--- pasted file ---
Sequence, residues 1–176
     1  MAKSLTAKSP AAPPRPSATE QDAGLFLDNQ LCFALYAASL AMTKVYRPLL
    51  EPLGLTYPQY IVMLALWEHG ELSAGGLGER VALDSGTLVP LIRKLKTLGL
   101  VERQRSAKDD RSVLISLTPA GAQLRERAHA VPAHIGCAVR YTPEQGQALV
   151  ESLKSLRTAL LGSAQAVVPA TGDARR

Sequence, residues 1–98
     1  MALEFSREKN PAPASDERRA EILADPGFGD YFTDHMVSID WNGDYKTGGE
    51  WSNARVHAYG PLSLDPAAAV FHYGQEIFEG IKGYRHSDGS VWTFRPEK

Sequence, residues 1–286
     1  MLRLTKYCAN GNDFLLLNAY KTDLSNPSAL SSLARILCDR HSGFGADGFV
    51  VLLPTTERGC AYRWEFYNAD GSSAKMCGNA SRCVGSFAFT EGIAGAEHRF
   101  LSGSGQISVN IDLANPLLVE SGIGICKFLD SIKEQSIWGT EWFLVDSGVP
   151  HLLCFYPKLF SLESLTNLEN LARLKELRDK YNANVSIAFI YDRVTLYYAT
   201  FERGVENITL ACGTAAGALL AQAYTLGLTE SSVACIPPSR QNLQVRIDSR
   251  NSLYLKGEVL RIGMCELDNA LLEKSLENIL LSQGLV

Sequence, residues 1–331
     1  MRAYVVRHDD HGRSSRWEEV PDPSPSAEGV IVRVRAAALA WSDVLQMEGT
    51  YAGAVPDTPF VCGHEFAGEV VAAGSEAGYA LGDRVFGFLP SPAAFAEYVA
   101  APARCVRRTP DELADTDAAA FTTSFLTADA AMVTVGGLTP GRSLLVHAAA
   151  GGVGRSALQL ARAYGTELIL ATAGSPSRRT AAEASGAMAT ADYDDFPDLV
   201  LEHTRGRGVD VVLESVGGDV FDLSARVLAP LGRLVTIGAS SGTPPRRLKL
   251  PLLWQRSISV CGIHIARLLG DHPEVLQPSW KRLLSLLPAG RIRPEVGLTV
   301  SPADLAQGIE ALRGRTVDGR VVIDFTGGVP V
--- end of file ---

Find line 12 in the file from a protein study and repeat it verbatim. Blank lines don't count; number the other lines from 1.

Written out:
   101  LSGSGQISVN IDLANPLLVE SGIGICKFLD SIKEQSIWGT EWFLVDSGVP